I am a Baha’i, a member of a world religion whose adherents strive for unity, peace, and social transformation. Because of the ongoing persecution of 350,000 other Baha’is in Iran, including my family members, I am unable to visit my homeland. Oppression of the Baha’is, Iran’s largest non-Muslim minority, intensified after the 1979 Islamic Revolution. Baha’i citizens in Iran have been denied education and jobs; they have been arrested, detained, and tortured, and some have even been put to death. Despite the Islamic Republic’s evident intention to eradicate and silence the Baha’i community, Iranian Baha’is are still deeply dedicated to their home, engaging in service and aiming to better the society that so intently tries to harm them.
The duality of knowing the pain inflicted by the Iranian government on the Baha’is while feeling such a strong attraction to what I consider to be my homeland has always been an internal paradox for me. But this tension sharpened in 2019 when Ministry of Intelligence agents first arrested and detained my cousin.
In October of that year, my cousin Soroush was arrested and the apartment he shares with his wife, Noura, was searched. Agents confiscated all of their Baha’i books to search for evidence of criminality but were ultimately unable to pin anything concrete on him. After holding him in prison while they tried in vain to find a reason to incarcerate him, the government finally released him but not without threatening to return.
They were true to their word. On April 6, 2021, Soroush was arrested again. Agents forcibly removed him from his car outside of his home in Shiraz. They raided his apartment again, searching for non-existent evidence of wrongdoing, but after their initial search in 2019 there was little left for them to confiscate. The agents returned the following day while Noura was at work and tried to break down the door of their flat with a crowbar. Noura’s family, who live in the same complex, let the officers in so as to minimize the property damage. Unable to find anything more than Soroush and Noura’s marriage certificate and a few prayer books, the agents — who at this point were already in violation of the original arrest warrant for the previous night — proceeded to search Noura’s parents’ home. During this illegal search, the agents took items belonging to Noura’s parents and sister. Raids like this are common for Baha’is in Iran, and confiscated belongings, including computers and other valuable items, are never returned to their owners, presenting a large financial strain on Baha’i families who already struggle under harsh economic conditions.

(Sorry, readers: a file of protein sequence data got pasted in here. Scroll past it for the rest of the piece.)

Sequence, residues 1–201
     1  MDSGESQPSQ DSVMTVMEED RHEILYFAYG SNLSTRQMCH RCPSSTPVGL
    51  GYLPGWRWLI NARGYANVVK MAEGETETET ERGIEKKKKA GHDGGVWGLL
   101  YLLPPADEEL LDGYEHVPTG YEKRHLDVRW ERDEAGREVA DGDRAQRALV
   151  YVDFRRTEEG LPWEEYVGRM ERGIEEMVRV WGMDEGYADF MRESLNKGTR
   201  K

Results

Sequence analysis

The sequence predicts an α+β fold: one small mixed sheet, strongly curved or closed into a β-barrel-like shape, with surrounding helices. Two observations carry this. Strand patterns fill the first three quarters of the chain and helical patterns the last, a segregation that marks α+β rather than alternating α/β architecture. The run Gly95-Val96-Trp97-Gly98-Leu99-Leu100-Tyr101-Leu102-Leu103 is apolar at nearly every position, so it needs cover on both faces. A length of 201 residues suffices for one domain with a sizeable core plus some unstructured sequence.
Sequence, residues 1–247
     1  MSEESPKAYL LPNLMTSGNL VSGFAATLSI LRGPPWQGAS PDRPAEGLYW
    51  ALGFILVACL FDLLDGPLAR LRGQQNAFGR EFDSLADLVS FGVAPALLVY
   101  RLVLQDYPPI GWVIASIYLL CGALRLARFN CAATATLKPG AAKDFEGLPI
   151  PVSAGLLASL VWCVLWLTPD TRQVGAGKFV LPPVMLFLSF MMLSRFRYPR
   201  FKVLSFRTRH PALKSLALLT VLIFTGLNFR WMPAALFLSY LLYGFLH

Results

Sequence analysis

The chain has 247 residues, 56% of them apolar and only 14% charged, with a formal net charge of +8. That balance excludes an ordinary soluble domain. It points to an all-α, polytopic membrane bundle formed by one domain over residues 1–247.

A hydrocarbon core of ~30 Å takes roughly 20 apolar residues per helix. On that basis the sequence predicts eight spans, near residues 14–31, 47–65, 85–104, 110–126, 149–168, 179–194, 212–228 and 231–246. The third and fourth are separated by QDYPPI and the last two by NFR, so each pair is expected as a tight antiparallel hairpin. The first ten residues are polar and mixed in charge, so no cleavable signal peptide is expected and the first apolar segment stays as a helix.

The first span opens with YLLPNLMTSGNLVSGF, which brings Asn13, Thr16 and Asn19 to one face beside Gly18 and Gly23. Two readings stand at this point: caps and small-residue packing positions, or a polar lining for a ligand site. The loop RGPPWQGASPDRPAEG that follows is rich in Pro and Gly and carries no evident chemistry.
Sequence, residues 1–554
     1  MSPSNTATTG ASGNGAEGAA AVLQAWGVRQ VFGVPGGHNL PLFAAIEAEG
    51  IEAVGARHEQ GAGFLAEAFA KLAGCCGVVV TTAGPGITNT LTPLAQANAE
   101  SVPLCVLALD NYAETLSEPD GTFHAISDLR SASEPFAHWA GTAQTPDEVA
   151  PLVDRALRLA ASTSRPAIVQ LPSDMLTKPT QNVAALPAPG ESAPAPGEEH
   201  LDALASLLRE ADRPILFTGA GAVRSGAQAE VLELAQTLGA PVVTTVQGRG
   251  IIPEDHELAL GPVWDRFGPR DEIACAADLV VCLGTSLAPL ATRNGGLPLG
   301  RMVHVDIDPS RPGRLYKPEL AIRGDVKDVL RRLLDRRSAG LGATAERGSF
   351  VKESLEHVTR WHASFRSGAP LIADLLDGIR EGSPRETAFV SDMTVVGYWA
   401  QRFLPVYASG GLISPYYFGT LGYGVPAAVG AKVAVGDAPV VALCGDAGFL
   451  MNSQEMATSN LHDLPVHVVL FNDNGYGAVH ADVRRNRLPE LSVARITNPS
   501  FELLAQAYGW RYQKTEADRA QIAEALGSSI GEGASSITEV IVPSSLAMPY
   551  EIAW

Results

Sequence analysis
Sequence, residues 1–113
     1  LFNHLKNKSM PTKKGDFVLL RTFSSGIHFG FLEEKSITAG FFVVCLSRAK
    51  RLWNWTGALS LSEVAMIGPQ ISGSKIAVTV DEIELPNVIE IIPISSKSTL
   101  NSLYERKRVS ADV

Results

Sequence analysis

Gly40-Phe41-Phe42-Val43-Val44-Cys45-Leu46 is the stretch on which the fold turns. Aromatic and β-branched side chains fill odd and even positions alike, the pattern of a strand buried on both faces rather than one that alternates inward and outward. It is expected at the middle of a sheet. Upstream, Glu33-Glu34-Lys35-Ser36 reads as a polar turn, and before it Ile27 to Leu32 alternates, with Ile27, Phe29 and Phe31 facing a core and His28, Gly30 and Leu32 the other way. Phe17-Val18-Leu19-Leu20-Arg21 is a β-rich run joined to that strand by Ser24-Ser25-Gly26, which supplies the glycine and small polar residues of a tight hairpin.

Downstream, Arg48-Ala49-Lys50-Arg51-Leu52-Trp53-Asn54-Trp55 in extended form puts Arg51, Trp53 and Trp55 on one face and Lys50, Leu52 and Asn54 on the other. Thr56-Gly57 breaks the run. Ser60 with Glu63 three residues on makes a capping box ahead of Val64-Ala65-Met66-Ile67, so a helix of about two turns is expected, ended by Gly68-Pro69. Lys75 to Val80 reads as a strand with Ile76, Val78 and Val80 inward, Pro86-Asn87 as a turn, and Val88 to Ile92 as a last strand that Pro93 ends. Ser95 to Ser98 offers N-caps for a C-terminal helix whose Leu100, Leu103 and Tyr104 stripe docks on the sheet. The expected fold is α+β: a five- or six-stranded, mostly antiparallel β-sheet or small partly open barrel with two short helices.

On Sept. 12, Soroush was sentenced to three years and three months in prison for his first arrest. He now awaits sentencing for the second. During his initial imprisonment, my sweet and gentle cousin was stripped down, beaten, and deprived of access to the bathroom. I cannot convey in words the depth of sorrow this knowledge gives me. Every day, I think about him. I hope he knows that he is not alone, that he is always in my heart and in the hearts of our beautiful family scattered across the world. I imagine a giant web — each member of our family with heartstrings pulling toward Iran as our prayers cross land and sea to reach him. I hope these ties of love bring him strength and healing.
Despite all of the abuse that people I love endure under the Iranian government, I cannot truthfully say I am angry. I do not hold any hatred in my heart toward the Islamic Republic nor would I ever wish a similar fate on its members. My overwhelming feeling is sadness and loss — of a homeland that loves me and my family as much as we love it; of more time hearing my cousin’s infectious laugh in our family Zoom calls. These relationships and this love is precisely what I understand the purpose of the Baha’i Faith to be, and it eternally confounds me that the Iranian government so desperately tries to silence Baha’is whose only motive is to form bonds of care and friendship. My strongest wish is to raise a chorus of voices to hold the Islamic Republic accountable for its treatment of Baha’is and of my cousin. So if you can, share this piece. Help me hold the Islamic Republic accountable for the ruthless and unjust persecution of its Baha’i citizens.
My cousin’s name is Soroush Abadi. He is my hero. His kindness, empathy, and wit shine through his spirit despite the brutality he has endured. Without fail, he is the member of our family to draw me into conversation when I am quiet, or bring levity and sweetness when spirits are low. With all the love I have in my heart for a strange land I am still honored to call home, I refuse to remain silent as the Islamic Republic of Iran tries to steal away his life and the lives of so many other honest and true Baha’is.
Soroush and Noura — we love you.